By Mark Memmott
Two very different accounts are being told by those involved in a story that's gotten national attention because the first reports said a second-grader had been suspended from school for drawing a picture of Jesus on a cross.
The boy's father says his son was sent home and required to see a psychiatrist.
School officials in Taunton, Mass., say the local newspaper -- which first reported the news -- and other outlets got the story all wrong.
The Boston Globe writes this morning that:
"The report is totally inaccurate,'' Julie Hackett, superintendent of the Taunton public schools, said in an interview in her office yesterday. "The inaccuracies in the original media story have resulted in a great deal of criticism and scrutiny of the system that is unwarranted.''
The original accounts, as the Associated Press wrote, were that "an 8-year-old Massachusetts boy was sent home from school and ordered to undergo a psychological evaluation after he was asked to make a Christmas drawing and sketched what appeared to be a stick figure of Jesus on a cross, the child's father said Tuesday."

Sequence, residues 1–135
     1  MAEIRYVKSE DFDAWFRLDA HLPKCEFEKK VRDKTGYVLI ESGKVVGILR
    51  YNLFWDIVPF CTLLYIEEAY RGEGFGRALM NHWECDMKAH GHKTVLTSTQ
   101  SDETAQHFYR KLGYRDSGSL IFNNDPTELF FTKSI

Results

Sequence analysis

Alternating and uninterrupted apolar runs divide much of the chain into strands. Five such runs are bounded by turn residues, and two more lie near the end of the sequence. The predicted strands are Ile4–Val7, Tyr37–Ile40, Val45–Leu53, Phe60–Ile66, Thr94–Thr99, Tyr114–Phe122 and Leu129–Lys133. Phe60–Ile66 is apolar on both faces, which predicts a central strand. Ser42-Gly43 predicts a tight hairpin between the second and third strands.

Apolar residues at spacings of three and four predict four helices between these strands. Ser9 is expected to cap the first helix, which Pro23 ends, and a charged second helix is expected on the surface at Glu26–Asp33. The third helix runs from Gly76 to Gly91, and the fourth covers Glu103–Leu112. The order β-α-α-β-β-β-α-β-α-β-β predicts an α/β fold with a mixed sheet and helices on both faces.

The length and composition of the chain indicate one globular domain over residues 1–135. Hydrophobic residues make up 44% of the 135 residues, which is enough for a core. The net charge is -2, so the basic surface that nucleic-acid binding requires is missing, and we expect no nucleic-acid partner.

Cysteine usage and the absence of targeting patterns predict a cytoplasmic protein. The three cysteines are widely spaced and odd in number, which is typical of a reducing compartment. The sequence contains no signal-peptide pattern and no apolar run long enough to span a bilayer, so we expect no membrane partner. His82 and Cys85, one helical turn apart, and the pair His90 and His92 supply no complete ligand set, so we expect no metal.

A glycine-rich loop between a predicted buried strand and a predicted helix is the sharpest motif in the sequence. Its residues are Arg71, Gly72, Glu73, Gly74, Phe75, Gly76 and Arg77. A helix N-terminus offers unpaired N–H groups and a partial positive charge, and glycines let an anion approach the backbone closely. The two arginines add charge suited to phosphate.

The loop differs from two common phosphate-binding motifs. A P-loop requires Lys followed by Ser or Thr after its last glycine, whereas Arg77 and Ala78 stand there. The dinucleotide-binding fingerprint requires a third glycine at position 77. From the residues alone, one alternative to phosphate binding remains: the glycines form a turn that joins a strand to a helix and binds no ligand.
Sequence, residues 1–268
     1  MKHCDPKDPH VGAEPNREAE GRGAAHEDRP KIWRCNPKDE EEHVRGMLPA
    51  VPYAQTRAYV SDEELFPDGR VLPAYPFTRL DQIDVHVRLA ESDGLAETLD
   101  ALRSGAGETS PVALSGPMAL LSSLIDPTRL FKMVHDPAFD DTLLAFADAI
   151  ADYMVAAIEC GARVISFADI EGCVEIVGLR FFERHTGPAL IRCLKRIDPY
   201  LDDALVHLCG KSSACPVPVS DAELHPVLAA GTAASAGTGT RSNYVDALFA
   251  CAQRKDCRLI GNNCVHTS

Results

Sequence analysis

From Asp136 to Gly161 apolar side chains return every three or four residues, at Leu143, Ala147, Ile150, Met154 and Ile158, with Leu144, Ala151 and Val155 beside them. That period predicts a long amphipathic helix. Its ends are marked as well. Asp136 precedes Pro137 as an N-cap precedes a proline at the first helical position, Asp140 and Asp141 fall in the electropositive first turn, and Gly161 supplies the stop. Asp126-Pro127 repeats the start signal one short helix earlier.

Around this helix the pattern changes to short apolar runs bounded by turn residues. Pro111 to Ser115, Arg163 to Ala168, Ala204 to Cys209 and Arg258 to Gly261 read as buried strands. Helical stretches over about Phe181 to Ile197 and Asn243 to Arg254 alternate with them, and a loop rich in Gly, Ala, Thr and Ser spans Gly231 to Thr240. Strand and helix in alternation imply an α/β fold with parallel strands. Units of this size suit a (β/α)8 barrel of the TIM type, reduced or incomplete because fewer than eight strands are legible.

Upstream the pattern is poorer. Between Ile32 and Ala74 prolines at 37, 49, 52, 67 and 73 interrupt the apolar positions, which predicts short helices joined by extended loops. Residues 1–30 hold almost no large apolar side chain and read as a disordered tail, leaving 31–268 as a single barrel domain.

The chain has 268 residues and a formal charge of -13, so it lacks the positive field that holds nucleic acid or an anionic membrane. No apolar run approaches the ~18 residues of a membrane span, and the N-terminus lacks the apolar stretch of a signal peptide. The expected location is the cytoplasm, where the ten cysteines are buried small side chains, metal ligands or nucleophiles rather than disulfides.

That father, Chester Johnson, spent much of yesterday talking with reporters about what he says happened.
It was last evening when the school superintendent responded, issuing a statement saying that the boy had not been suspended, that the drawing that prompted some concern was not the one of Jesus on a cross (she did not describe the other image) and that students had not been asked to make sketches about Christmas "or any religious holiday."
We expect more will be said about this in coming days.
categories: National News